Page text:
Moving from analysis to action and outcomes in gender and agriculture research


Jemimah Njuki

Since Caroline Moser developed the Framework for a Gender and Development (GAD) approach to development planning in the 1980s while working at the Development Planning Unit (DPU) of the University of London, there has been a proliferation of gender analysis tools and toolkits in agricultural projects is becoming the norm rather than the exception. The Moser Framework set the parameters for gender analysis through its focus on women’s strategic and practical gender needs. While there was criticism of certain elements of the framework, especially its focus on roles and not relationships, the framework did set a stage for addressing women’s practical needs, those that if met, help women in current activities and strategic needs which, if met, transform the balance of power between men and women.

The evolution of other frameworks and tools over the years has tended to focus on gender analysis, which while important in understanding gender inequalities is not sufficient to address these inequalities. More recent approaches have focused on gender transformation, with a strong emphasis on getting men and women to examine gender relations, question gender norms and take actions to address these.

How can agricultural programs strike a balance between analysis, implementation of practical interventions that make a difference in the lives of men and women and the relationships between them, and transform gender relations?

Five key things that I have found to work:

  1. Conduct a targeted gender analysis: Rather than a general gender analysis, start with a targeted gender analysis that focuses on a specific sector of interest while at the same time digging deeper into the underlying causes of inequalities. One of the mistakes that agricultural programs make is to (a) either conduct a general gender analysis that does not help identify some of the practical gender needs, or (2) a very targeted gender analysis that does not dig deeper into the underlying causes of gender inequalities and therefore ignores the strategic gender needs and interests. A good balance between these two is essential.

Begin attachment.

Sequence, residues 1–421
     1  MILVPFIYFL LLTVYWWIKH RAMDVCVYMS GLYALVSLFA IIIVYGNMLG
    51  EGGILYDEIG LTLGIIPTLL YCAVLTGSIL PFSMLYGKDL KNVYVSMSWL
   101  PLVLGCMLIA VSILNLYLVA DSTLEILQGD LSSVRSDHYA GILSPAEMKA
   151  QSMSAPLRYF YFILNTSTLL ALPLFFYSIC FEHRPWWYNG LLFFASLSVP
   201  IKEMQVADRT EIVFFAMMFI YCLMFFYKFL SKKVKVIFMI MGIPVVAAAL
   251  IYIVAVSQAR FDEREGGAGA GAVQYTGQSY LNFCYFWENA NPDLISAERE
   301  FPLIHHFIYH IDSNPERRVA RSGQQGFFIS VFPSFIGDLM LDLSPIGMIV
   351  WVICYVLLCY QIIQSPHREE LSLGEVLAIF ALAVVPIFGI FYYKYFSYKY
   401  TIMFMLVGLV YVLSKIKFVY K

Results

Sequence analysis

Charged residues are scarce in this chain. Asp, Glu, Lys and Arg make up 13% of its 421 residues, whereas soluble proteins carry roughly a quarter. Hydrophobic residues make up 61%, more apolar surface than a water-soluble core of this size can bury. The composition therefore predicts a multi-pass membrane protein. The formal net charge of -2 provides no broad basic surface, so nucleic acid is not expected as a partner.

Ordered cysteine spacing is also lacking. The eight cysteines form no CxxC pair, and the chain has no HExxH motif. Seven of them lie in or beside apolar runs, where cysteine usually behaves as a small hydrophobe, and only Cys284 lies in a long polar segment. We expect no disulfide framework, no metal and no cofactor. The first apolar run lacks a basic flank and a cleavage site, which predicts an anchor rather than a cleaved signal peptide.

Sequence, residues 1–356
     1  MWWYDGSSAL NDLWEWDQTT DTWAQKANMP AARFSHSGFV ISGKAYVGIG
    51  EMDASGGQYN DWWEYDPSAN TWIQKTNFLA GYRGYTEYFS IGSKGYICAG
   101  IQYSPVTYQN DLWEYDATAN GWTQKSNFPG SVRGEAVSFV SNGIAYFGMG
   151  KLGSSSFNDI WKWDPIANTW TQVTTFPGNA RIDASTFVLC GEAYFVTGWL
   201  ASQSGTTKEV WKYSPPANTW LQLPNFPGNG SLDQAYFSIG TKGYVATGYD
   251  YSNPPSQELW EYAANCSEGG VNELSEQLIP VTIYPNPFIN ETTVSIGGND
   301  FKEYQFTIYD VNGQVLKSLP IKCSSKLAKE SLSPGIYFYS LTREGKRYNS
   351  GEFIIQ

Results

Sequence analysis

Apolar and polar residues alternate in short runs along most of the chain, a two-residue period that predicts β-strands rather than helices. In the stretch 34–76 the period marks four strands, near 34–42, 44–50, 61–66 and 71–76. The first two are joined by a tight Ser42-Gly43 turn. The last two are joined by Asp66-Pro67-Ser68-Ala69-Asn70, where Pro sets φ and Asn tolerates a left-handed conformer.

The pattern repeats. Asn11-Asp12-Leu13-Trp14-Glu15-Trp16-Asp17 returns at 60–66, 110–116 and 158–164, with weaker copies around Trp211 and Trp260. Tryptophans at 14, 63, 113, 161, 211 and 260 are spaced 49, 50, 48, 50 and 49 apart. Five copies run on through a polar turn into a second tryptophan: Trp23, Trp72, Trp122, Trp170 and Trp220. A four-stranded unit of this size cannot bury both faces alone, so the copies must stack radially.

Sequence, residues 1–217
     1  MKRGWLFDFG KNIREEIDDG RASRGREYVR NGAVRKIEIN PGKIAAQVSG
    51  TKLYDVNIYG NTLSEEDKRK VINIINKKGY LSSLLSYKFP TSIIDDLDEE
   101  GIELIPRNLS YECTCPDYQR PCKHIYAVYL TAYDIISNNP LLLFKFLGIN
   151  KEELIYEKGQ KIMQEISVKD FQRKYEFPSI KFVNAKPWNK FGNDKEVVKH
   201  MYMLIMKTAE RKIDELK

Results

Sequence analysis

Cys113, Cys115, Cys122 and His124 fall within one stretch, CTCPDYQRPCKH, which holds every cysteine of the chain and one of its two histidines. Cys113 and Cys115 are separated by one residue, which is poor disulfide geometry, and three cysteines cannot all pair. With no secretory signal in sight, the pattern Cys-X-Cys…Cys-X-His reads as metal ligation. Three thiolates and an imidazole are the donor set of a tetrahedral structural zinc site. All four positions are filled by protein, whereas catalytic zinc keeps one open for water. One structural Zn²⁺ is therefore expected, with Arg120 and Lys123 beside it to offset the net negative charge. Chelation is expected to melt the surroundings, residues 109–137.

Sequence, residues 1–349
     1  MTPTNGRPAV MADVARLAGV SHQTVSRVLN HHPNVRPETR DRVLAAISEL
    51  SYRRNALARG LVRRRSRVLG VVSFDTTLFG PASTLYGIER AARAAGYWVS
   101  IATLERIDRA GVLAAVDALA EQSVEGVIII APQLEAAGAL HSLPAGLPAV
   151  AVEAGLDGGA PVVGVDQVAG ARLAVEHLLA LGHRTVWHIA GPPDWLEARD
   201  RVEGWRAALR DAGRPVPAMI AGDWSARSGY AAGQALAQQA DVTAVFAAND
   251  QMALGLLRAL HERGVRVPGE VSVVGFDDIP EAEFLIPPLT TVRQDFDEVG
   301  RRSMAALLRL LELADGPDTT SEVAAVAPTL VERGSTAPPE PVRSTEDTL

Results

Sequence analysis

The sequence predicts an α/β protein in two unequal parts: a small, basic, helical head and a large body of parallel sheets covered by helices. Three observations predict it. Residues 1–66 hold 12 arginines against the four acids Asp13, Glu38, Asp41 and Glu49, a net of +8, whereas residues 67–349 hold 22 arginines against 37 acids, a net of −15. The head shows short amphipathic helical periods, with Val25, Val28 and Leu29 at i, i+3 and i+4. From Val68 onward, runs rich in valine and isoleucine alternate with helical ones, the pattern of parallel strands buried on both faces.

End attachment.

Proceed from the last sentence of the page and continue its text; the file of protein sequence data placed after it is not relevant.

2. Use the analysis to identify two sets of interventions: short term and long term interventions that address issues unearthed during the analysis. Avoid random implementation of gender interventions and processes as these may not be addressing the real issues. The whole point of doing the analysis should be to use this analysis to inform what you do.
  3. Ensure the team has awareness, skills and the right attitudes to implement interventions. Additional partnerships and specialised skills in gender and women’s empowerment may be required. It is essential that there is a critical mass of people working towards implementation of these interventions otherwise having one or two gender specialists in a team is not adequate. All team members need to be trained on basic issues especially those addressing the practical gender needs.
  4. Measure, measure, measure! What does not get measured, does not get done. Include sex disaggregated data in baseline analysis studies, define gender outcomes and indicators to track them, combine qualitative and quantitative tools to capture both process and outcomes, reflect on progress and adjust strategies. Identify research questions that broaden and deepen the evidence base on what works and does not work, why and why not for gender and women’s empowerment.
  5. Plan and allocate enough resources for gender interventions and research and not just the analysis. This ensures gender is not an add on but a critical aspect of the program, project or initiative and that it does not end at analysis.



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